Hundley’s works assume a double life, one in the gallery as an art object and another in the studio as a backdrop for dramatic, performative events. In this cooperative move, one can begin to consider what “theatricality” may mean to Hundley’s practice. In Art and Objecthood (1967), a hoary but still seemingly pertinent text, critic Michael Fried argued against the notion of theatricality—to crudely sum up this idea, the problematic ways in which the constructed event of displaying a work can become as significant as the artwork itself—that he considered to be inherent to minimal (literalist) sculpture. Although Hundley’s concerns are a far cry from those of minimalist rhetoric (in fact, he seems to retain the formal concerns of artists such as Bruce Conner and Jess, who continued to produce messy and illustrative work despite Fried’s puritanical argument and the art that engendered it), it is helpful to consider the relationships that his forms activate with the spectator in space. In Untitled (Screen) (2005), the artist uses a freestanding, five-paneled screen or room divider as the support for his geometric patterning, multiplanar collage, and dense, atmospheric painting. Its two foam-padded faces are gesturally tacked with vinyl, ready-stitched craft patches, plastic bags, pastel silk flower petals, a harvest of sequins, warped oversize candles, and sparse photographic figurines. On one side of the object, Hundley has traced the outline of a table and still life lifted from an illusionistic paining that was given to him by an artist friend. The table and still life are patterned from solid black velvet, simplifying the likeness into a flat negative space. Pinned to the foam, this roughly life-size image is proportionate to the viewer who stands before it. In the act of observing, the viewer is cast into Hundley’s dramatization of space.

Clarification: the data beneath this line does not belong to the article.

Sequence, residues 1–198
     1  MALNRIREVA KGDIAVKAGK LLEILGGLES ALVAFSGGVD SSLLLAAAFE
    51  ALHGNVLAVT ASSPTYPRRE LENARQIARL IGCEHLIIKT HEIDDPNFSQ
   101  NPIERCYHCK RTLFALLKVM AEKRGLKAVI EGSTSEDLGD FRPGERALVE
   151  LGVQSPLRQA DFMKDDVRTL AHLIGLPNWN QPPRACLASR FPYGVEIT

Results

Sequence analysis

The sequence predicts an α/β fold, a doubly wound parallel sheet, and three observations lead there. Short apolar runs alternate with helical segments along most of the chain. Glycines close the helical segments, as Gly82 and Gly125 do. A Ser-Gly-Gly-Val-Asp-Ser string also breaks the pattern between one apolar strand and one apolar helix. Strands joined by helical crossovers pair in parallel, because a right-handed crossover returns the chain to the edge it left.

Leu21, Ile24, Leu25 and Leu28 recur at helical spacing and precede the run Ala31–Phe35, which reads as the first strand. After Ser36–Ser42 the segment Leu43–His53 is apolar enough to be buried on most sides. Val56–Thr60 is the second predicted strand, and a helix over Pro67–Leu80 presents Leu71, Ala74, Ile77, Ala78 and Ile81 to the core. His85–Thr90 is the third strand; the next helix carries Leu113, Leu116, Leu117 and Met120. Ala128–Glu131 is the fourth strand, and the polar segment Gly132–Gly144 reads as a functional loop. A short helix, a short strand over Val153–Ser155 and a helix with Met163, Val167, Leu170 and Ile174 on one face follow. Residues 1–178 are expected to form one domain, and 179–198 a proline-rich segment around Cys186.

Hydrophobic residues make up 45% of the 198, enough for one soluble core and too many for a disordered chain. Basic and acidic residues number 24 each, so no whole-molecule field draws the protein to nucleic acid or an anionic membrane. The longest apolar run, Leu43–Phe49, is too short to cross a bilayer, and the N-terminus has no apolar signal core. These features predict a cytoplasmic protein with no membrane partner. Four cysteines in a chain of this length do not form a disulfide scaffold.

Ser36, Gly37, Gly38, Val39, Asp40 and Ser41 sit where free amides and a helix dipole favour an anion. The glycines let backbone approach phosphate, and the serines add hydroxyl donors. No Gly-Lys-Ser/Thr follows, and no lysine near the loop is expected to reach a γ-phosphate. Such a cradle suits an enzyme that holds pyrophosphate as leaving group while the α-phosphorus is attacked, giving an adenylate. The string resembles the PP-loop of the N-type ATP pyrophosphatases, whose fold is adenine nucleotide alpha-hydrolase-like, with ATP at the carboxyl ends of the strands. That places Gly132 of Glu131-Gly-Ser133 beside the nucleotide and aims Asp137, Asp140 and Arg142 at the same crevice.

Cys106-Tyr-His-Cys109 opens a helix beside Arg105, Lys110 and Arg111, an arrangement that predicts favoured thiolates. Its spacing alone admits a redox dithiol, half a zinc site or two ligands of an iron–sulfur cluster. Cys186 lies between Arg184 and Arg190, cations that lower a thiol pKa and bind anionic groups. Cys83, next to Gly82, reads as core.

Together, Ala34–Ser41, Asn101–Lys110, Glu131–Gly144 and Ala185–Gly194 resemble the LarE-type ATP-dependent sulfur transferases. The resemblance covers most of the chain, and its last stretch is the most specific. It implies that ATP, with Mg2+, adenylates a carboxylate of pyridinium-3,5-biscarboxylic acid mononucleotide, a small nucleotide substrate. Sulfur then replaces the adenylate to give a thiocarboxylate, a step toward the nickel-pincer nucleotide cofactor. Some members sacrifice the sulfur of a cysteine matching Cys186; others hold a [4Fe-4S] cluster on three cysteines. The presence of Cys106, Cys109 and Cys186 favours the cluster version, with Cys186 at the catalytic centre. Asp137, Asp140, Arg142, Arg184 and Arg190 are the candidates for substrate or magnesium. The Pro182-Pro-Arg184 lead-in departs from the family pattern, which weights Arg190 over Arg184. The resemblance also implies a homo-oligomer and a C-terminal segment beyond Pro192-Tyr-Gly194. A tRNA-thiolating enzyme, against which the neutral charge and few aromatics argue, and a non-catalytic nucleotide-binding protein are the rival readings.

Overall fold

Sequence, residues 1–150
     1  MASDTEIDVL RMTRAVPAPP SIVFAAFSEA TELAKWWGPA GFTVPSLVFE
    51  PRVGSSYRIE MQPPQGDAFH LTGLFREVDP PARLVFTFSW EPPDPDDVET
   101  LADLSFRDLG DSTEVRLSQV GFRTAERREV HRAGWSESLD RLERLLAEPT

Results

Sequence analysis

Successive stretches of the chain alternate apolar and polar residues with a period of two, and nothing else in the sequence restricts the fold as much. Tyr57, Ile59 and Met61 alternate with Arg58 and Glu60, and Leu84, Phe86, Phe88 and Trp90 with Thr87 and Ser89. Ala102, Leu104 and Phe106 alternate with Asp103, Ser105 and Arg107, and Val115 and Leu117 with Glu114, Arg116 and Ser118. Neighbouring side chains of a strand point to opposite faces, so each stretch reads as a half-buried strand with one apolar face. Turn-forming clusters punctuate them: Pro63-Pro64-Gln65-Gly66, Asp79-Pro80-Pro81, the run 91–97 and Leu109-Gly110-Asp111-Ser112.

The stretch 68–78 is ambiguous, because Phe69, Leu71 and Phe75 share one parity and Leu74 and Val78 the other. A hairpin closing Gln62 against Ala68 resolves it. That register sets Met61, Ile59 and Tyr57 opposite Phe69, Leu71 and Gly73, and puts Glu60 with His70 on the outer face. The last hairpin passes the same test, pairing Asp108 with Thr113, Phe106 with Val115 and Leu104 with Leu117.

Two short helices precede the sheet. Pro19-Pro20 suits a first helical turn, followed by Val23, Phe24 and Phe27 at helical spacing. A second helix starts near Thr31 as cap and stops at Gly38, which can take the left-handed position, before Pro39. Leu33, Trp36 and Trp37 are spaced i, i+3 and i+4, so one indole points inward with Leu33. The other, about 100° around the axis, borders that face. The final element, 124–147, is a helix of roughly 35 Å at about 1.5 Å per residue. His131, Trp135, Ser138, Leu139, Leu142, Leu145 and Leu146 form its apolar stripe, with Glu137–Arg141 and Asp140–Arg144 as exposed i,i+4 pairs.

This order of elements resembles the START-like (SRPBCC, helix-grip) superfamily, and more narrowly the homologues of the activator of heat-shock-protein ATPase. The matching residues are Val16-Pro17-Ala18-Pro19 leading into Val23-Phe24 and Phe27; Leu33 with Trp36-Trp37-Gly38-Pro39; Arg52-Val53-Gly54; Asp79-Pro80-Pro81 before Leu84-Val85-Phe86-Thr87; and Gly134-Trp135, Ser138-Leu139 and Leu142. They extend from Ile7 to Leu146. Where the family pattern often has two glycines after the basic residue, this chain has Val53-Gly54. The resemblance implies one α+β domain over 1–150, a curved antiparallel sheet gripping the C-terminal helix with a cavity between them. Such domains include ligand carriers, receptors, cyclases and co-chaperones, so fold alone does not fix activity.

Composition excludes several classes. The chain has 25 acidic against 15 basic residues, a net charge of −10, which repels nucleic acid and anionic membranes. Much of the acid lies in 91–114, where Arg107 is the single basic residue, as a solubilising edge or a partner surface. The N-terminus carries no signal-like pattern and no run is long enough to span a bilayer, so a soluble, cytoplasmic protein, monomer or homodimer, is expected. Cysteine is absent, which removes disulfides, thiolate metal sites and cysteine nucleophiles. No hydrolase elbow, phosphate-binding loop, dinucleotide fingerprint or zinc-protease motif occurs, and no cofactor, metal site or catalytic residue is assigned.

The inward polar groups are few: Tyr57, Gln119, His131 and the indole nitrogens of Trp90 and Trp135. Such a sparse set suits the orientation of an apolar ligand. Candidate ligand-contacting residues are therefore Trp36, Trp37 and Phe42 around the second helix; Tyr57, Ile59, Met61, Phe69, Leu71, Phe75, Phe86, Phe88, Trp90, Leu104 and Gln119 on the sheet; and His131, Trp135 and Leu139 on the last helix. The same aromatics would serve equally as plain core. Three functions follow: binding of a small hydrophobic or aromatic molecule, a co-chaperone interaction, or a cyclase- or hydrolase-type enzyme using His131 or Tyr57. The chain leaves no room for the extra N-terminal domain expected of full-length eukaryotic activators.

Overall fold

Hundley’s new work for the Hammer loosely adopts the splintered form of half a proscenium arch—the architectural device that separates a stage from the auditorium in a theater—using the gallery wall to move upward and overhead, as if beginning to define a frame. This work’s most remarkable features are not its Brechtian characteristics but rather the ways in which it continues Hundley’s ongoing drama-queen pursuits, a sensibility that has taken shape in earlier works. He continues the deliberately slapdash practice of affixing gathered things; paper umbrellas, coral, crystals, skin-toned wax, shark teeth, and Brazilian beads (among other familiar elements from previous works) are purposely fastened yet scattered throughout the composition. A striking example of Hundley’s material call and response is a reference to his 2004 work Bellglass, a corkboard and wood sculpture that incorporates a small vitrine encasing a fragile ruin of plastic beams. Again the artist uses a glass reliquary, though here a much larger one, to display (semi)precious sculptural objects. The glass capsule belongs to Hundley’s recurring visual vocabulary; it is a lexicon interested not in the Victorian logic of classification, but in the aesthetics of collection as a way of structuring surface. Like a naturalist archiving specimens, the artist pierces his dwarfed figures with straight pins, plotting a playful surface in gesturing limbs and suggestive silhouettes. These “pinup” boys become leading actors in the artist’s rhythmic but metered assemblages. Ultimately Hundley wishes to conjure drama, deploying the stuff of the world to fabricate both the “naturalness” and the classic make-believe of theater.
Catherine Taft is a writer based in Los Angeles. She is a regular correspondent for Artforum.com and managing editor of a forthcoming journal published by her MA alma mater, the Department of Art Theory and Criticism at Art Center College of Design.
Hammer Projects are made possible with support from The Horace W. Goldsmith Foundation, the Annenberg Foundation, Fox Entertainment Group's Arts Development Fee, the Los Angeles County Arts Commission, and members of the Hammer Circle.